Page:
A Very Long Engagement

"Good"

A Very Long Engagement Review


Although there are likely better directors who could have been found to film Sebastien Japrisot's World War I-set novel A Very Long Engagement than Jean-Pierre Jeunet, of City of Lost Children fame and Alien: Resurrection infamy, there are many more who would have been worse - and if that sounds like a backhanded insult, it's not. The story of five French soldiers who are sentenced to death for self-inflicted wounds (done so that they could be evacuated from the front lines) and condemned to march out into the no man's land between the Germans' trenches and theirs, it's a tricky mix of war epic, black comedy, and heart-stirring romance that would have left many filmmakers flummoxed. And although Jeunet takes some serious missteps and doesn't know when to leave the jokes alone, he has mostly succeeded where many would have failed.

Although it starts off like a war film - opening in the muck and mire, as all good war films must - and gives us plenty of reason to understand why these soldiers shot themselves in the hand (a sort of purposeful self-stigmata), A Very Long Engagement is really about a woman trying to find her lost love. The woman, Mathilde, is played by Jeunet's muse, Audrey Tautou, and though she doesn't here have the near-angelic glow he gave her in Amelie, she's plenty captivating nonetheless. Mathilde fell in love with her childhood friend, Manech (Gaspard Ulliel), and we see their romance in flashback, all frolicking in their picturesque village, swooning episodes atop a lighthouse and innocent carnality. Then the war comes, and poor, fresh-faced Manech is sent off to the front, later to be one of the five hurled into no man's land by a callous military bureaucracy determined to make an example of them. After the war, Mathilde refuses to accept what seems obvious to everybody else, that Manech is dead, and she launches on a journey to dig up every last piece of information she can about the case and find out what happened to her one true love.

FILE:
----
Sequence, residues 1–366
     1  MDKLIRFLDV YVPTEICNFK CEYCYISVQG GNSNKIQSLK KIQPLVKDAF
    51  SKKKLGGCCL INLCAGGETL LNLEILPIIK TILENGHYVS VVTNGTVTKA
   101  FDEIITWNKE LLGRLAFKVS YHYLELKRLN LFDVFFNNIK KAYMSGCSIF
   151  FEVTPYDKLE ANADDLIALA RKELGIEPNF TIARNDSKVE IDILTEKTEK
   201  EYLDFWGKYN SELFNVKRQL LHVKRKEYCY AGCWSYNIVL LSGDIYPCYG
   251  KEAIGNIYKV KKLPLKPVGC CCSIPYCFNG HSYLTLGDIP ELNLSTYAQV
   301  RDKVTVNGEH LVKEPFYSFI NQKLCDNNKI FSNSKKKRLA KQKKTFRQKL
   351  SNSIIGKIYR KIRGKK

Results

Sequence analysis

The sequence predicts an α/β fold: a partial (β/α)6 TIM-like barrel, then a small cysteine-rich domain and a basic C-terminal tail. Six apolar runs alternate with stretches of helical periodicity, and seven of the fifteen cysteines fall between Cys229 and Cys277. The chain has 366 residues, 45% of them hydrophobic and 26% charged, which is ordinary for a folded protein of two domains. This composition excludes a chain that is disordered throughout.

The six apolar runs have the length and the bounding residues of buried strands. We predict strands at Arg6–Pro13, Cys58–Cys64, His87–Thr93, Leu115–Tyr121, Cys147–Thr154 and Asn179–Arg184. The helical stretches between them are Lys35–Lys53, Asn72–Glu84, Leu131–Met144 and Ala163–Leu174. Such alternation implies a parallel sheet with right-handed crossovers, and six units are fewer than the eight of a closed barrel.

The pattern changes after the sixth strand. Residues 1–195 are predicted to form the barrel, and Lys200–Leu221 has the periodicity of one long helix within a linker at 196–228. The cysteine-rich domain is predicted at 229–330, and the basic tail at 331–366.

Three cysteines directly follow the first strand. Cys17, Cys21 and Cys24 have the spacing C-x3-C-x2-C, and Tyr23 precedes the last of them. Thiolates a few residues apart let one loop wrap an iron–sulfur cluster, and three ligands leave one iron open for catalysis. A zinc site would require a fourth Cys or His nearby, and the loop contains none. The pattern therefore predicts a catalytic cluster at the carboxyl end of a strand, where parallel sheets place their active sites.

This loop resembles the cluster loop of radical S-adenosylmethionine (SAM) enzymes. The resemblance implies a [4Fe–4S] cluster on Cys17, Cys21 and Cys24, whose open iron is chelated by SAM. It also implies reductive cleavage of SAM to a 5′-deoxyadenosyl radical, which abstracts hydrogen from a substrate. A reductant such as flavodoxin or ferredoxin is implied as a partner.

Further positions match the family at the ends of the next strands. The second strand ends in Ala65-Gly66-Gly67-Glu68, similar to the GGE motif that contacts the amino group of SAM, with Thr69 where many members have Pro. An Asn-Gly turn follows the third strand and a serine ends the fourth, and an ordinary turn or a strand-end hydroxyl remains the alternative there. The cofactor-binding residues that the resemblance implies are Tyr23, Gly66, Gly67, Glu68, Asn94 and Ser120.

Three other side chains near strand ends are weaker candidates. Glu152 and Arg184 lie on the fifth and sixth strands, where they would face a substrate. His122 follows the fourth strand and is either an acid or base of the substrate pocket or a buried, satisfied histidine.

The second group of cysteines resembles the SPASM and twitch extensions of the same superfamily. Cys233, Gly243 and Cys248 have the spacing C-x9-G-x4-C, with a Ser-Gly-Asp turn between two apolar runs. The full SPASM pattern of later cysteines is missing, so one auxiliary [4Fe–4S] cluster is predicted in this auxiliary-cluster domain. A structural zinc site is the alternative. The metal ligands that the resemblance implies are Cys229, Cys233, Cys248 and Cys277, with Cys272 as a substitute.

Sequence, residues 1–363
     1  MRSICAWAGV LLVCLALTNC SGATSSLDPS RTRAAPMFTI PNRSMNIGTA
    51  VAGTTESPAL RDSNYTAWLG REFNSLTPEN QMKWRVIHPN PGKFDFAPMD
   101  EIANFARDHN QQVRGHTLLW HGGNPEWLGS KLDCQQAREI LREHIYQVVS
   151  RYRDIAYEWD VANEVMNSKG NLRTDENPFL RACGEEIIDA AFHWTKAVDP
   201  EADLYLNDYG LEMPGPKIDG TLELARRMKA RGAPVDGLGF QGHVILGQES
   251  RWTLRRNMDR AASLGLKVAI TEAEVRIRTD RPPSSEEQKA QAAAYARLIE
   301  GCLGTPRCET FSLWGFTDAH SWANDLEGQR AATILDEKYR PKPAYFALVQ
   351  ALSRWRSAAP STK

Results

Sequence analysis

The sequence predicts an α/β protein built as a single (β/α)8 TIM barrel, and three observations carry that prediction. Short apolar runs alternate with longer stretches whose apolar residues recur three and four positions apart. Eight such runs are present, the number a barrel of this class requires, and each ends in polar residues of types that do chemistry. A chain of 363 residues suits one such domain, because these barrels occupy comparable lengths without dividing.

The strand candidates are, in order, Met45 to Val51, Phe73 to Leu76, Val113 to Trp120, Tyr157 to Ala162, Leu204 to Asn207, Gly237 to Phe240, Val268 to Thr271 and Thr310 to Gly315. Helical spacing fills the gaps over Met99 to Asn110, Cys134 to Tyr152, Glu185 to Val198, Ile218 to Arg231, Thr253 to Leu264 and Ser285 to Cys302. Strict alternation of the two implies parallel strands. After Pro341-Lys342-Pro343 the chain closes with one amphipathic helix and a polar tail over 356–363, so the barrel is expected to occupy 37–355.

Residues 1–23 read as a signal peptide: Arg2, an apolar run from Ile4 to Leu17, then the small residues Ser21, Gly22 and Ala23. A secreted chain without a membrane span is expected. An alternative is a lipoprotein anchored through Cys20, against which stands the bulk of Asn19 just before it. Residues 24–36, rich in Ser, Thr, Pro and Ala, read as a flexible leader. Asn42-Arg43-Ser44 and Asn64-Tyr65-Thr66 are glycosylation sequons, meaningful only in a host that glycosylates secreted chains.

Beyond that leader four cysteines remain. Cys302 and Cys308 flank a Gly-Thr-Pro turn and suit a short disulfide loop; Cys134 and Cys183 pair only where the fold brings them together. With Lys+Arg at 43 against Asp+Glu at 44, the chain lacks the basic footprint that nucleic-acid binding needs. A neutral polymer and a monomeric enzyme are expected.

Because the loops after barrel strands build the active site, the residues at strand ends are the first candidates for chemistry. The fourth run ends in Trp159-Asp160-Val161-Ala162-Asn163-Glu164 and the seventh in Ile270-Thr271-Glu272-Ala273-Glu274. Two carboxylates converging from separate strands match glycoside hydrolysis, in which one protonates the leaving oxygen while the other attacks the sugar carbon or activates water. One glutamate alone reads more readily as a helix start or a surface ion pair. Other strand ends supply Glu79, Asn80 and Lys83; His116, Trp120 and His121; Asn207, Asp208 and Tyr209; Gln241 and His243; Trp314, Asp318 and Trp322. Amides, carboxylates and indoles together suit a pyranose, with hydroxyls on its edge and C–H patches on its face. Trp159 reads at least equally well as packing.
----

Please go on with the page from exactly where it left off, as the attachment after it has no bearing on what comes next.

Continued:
Now A Very Long Engagement is a Jeunet film, so even given this kind of high-concept romance, anyone expecting a foursquare kind of English Patient-style gloss will end up sorely disappointed. With his typically pixie-ish sense of humor, Jeunet brings a light and jaunty tone to a tale that could easily have been rendered brooding and overly artful. Thusly, the narrator continually relates the onscreen action like a gossipy best friend, with perfect comic timing, while bits of absurdity speckle the story, from Mathilde's incongruous tuba-playing to a subplot about one of the dead soldiers' lovers who resorts to impossibly complex methods of killing off those she believes responsible for his death. Jeunet also ratchets most of the performances up into the stratosphere, leaving little room left for subtlety.

Providing some nice ballast to some of the loony goings-on is a surprise turn from Jodie Foster, whose fluency in French helps her slip seamlessly into the otherwise all-Gallic cast. Her story is essentially extraneous to the main plot, but it's a small gem regardless. As the wife of one of the soldiers, who is infertile but wants her to have a child regardless, the husband convinces her to sleep with his best friend, and although she does it against her wishes, the two of them end up falling in love. Melodramatic to a fault, it's nevertheless the most real-seeming thing in the film, which can at times resemble a Belle Epoque bon bon, all quaint French villages and sweeping vistas of countryside.